A major conceptual difference from our previous work [21], [22] is the incorporation of the V-shaped function, which gives rise to simultaneous changes in impedance and force, into the neural feedback command. The new model proposed here uses neural feedback as a V-shaped function of kinematic error, providing increased feedback co-activation in response to perturbations. This modified neural feedback corresponds to the results of several studies that have illustrated that when stability requirements are important, perturbations of the limb give rise to increases in the muscle activity of both the stretched and shortened muscles [31][34]. Incorporating the V-shaped function into the feedback command enabled us to form a cost function of the feedback and effort. Gradient descent on this cost function gives rise to an adaptation law that can be used for a variety of motor primitives, such as muscle synergies, physical models, neural networks and linear families of differential equations. The new algorithm extends feedback error learning [12] in that both force and impedance are adapted simultaneously, using an adaptation law that corresponds to observed experimental changes in muscle activation.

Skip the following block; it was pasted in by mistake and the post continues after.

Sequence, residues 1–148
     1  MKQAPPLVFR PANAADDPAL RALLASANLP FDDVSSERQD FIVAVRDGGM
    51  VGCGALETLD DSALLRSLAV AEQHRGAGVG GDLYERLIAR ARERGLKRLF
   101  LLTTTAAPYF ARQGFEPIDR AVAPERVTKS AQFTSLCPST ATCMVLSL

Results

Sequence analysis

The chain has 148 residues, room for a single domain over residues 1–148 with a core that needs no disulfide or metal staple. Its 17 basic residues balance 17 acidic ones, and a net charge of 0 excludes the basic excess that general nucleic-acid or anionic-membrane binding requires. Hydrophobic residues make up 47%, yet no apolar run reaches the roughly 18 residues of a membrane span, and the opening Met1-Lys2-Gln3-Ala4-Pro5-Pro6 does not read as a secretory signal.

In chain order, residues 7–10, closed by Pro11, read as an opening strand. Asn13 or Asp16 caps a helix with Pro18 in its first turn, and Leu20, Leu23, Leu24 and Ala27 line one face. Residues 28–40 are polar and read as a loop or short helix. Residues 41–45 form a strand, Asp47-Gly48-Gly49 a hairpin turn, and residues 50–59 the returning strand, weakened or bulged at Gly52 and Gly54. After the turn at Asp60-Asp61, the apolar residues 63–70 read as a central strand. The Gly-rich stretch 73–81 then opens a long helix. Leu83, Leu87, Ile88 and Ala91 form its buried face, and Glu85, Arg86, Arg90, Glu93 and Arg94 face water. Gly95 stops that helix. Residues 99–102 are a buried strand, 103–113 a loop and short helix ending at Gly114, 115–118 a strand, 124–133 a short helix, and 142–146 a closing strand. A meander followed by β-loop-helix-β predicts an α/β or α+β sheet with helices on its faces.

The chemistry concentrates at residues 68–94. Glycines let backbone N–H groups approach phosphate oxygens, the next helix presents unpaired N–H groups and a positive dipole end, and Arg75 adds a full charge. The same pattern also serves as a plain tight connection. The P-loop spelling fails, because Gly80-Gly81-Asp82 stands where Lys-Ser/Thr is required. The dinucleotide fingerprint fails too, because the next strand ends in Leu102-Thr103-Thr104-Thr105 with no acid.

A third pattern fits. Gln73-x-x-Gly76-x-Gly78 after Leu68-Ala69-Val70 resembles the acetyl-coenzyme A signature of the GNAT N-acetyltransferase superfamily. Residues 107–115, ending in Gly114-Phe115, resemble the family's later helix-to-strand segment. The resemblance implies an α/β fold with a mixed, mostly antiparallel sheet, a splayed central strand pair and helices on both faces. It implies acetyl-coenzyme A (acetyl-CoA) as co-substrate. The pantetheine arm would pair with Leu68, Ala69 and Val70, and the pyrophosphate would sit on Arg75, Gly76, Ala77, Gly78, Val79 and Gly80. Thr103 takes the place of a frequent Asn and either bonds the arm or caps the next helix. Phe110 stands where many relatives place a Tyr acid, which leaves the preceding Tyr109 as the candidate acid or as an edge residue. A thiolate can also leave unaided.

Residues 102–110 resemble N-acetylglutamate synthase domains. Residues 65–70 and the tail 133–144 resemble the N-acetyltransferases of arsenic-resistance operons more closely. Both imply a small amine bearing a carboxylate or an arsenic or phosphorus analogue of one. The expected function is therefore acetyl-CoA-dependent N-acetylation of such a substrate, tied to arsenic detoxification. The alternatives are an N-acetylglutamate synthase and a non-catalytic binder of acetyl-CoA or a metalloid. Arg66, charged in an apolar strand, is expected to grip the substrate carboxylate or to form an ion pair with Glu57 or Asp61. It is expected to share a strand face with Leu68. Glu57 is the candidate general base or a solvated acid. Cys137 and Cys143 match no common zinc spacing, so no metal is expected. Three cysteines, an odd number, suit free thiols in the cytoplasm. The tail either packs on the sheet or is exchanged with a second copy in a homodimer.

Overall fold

The simulations of multijoint movements in this paper, together with the results from [21], [22], demonstrate the efficiency of this nonlinear adaptive controller. The algorithm derived and implemented in this paper learned to perform movements in any direction in either stable or unstable dynamics despite motor output variability. Moreover, it was able to generalize from one movement to another, and converged to suitable force and minimal impedance behavior. This novel computational model learns to coordinate motor commands without requiring any inversion or any model of the actuators. It can be applied in iterative control along a single movement [22] or on a periodic trajectory, to identify the parameters of a known dynamic structure in the sense of adaptive control [44], [64], or to learn muscle synergies or unstructured dynamics with a neural network (as was shown in this paper).